NATURE OF THE WORK
    • 61. Specialized Training for an I.E. chemistry, physics, materials science calculus, differential equations, statistics, advanced mathematics/computation engineering mechanics & design, computer science, circuits/electronics ergonomics/safety, stochastics management systems theory, economics International credits
    • 62.
      • engineering and business combined together
      • industrial engineers uses technology, people, and information to improve productivity, enhance quality, manage resources-in short, and to make things better
      • Pre-College Training – excels in math, science, business and computer classes
      STUDENT TYPE/PRE-COLLEGE TRAINING
    • 63. EMPLOYMENT
      • In 2008 engineers held 1.6 million jobs, with industrial engineers holding 214,800 of those jobs  3 rd highest
      • Engineers are employed in every state, in small and large cities and in rural areas.
      • Industrial engineers are expected to have employment growth of 14 percent over the projections decade, faster than average for all occupations.
      • It’s expected that firms will turn to industrial engineers to develop more efficient processes and reduce costs, delays, and waste.
      • Source = http://www.bls.gov/oco/ocos027.htm#emply
    • 64.
      • Main Areas of current research:
        • Human Factors- Occupational Ergonomics, Assistive Technologies, Safety Engineering
        • Manufacturing-rapid manufacturing of 3Dbulk structural nanomaterials
        • Operations Research-Computer aided design
        • Productions System-Robotics; design, monitor, and control of complex systems
      CURRENT RESEARCH
    • 65. MATERIALS SCIENCE ENGINEERING
    • 66.
      • Materials science is an interdisciplinary field involving the properties of matter and its applications to various areas of science and engineering. This science investigates the relationship between the structure of materials at atomic or molecular scales and their macroscopic properties. Nanoscience or nanotechnology has propelled materials science to the forefront of exploration by many universities as of late.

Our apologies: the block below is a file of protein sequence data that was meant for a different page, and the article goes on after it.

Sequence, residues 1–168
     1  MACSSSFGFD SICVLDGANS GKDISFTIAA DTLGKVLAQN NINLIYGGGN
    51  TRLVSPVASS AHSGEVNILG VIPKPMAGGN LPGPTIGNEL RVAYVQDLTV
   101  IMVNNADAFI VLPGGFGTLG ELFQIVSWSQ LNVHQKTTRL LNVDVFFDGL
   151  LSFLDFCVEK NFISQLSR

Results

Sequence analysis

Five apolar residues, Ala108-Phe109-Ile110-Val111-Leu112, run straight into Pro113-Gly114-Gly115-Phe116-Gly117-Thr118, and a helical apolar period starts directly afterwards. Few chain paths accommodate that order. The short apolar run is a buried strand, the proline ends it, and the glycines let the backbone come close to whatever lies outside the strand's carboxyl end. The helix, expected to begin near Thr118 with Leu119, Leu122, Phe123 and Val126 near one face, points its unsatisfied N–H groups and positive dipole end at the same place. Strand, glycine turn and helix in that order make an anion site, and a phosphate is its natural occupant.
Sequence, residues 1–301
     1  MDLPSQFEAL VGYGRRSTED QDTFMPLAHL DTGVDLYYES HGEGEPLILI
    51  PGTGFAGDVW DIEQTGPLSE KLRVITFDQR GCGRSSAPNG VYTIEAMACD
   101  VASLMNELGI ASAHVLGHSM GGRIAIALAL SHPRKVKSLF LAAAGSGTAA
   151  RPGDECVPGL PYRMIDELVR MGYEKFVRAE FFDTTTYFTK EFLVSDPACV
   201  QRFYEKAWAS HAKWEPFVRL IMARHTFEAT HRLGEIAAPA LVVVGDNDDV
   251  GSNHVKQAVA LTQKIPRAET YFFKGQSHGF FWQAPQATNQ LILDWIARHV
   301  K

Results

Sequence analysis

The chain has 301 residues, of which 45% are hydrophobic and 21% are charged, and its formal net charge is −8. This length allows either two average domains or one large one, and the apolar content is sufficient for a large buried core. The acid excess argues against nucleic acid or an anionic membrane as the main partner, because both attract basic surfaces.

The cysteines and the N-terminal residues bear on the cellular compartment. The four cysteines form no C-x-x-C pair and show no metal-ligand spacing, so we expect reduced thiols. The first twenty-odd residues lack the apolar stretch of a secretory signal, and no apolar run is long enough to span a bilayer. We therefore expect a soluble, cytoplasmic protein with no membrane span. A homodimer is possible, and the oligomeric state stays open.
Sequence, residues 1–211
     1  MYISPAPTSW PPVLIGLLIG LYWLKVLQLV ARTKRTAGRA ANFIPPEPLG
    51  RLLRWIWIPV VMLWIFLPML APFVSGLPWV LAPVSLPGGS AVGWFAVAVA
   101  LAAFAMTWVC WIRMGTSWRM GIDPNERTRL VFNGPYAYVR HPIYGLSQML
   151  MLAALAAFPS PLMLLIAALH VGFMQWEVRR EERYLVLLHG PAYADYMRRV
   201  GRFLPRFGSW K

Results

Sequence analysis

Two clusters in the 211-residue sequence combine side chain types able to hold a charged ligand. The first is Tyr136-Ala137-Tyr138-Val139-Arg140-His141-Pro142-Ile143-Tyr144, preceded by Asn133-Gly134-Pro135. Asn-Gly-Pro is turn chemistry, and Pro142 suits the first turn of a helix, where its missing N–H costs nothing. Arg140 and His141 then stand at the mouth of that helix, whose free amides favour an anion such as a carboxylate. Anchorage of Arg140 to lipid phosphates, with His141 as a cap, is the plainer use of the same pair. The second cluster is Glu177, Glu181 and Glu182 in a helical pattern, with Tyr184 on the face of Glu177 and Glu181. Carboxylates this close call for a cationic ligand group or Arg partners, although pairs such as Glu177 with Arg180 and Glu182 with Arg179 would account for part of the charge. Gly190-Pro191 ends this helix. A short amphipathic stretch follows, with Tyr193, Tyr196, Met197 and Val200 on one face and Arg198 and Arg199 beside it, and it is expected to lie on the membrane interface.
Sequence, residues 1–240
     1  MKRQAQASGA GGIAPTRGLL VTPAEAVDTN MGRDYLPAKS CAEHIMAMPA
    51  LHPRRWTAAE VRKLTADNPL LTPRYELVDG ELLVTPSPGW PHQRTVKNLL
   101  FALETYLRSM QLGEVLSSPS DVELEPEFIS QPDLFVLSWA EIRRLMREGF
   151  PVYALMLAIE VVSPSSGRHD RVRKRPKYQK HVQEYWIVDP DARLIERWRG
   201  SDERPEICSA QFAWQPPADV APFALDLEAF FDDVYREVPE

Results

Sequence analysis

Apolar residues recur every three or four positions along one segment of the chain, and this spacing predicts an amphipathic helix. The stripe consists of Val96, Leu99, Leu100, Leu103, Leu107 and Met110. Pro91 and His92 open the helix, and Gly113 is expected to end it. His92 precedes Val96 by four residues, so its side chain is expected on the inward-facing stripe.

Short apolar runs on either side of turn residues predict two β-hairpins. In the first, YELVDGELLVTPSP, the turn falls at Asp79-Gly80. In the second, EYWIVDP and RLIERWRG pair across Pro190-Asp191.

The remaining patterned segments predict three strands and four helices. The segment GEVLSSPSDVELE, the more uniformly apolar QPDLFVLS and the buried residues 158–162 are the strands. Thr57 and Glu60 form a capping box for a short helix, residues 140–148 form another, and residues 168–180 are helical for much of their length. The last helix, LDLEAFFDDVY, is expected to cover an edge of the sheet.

NATURE OF THE WORK
    • 67. SPECIALIZED TRAINING
      • Classes in Science, Math, and Computers
      • College Requirements:
        • Before taking upper-level courses in your major, you need to fulfill the basic program requirements and a GPA of at least of 2.00
        • Basic Program Courses (26.5), Gen. Ed. Electives (15), ME Core Courses (46), Technical & Design Electives (18), ME Tech Elective Specifics
      • Bachelor degrees in one of the following: Science, Technology, Engineering, Applied Science
      • Masters Degree in one of the following: Engineering, Technology, Science, Engineering Management
    • 68. STUDENT TYPE/PRE-COLLEGE TRAINING By experimenting with chemicals, atoms, and minerals, they invent and perfect new materials find ways to make traditional materials better produce materials reliably and economically through synthesis and processing research what makes materials change and how to predict those changes
    • 69.
      • Recent Iowa State MSE graduates are working for companies such as Pella, 3M, Teledyne, Intel, Alcoa, Owens Corning, McDonnell-Douglas, IBM, Rockwell International, General Motors, Boeing, General Electric Astro-Space, Ames Laboratory, and Lockheed Martin.
      • Recent MSE graduates with a BS degree receive over $55,000 annually.
      EMPLOYMENT
    • 70.
      • Research on catalysts addresses efficiency of lithium-air batteries - Catalysts.
      • Developing nanowire for biosensors -Biological Materials
      • Biopolymer design and synthesis -Organic Polymer Materials
      • DNA-directed nanocrystal assembly -Nanopatterning
      CURRENT RESEARCH